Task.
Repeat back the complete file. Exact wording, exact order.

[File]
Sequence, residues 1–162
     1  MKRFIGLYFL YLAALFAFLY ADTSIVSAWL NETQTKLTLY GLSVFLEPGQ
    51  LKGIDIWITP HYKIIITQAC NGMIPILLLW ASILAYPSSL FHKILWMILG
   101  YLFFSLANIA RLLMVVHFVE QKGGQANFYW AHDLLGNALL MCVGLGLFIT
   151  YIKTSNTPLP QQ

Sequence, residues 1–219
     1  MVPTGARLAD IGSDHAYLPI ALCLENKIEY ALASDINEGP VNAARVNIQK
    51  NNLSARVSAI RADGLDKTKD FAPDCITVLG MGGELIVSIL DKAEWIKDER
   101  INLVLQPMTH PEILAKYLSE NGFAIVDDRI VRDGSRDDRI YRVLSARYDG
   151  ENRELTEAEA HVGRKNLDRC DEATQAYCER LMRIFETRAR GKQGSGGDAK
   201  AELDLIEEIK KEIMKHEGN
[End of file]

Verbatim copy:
Sequence, residues 1–162
     1  MKRFIGLYFL YLAALFAFLY ADTSIVSAWL NETQTKLTLY GLSVFLEPGQ
    51  LKGIDIWITP HYKIIITQAC NGMIPILLLW ASILAYPSSL FHKILWMILG
   101  YLFFSLANIA RLLMVVHFVE QKGGQANFYW AHDLLGNALL MCVGLGLFIT
   151  YIKTSNTPLP QQ

Sequence, residues 1–219
     1  MVPTGARLAD IGSDHAYLPI ALCLENKIEY ALASDINEGP VNAARVNIQK
    51  NNLSARVSAI RADGLDKTKD FAPDCITVLG MGGELIVSIL DKAEWIKDER
   101  INLVLQPMTH PEILAKYLSE NGFAIVDDRI VRDGSRDDRI YRVLSARYDG
   151  ENRELTEAEA HVGRKNLDRC DEATQAYCER LMRIFETRAR GKQGSGGDAK
   201  AELDLIEEIK KEIMKHEGN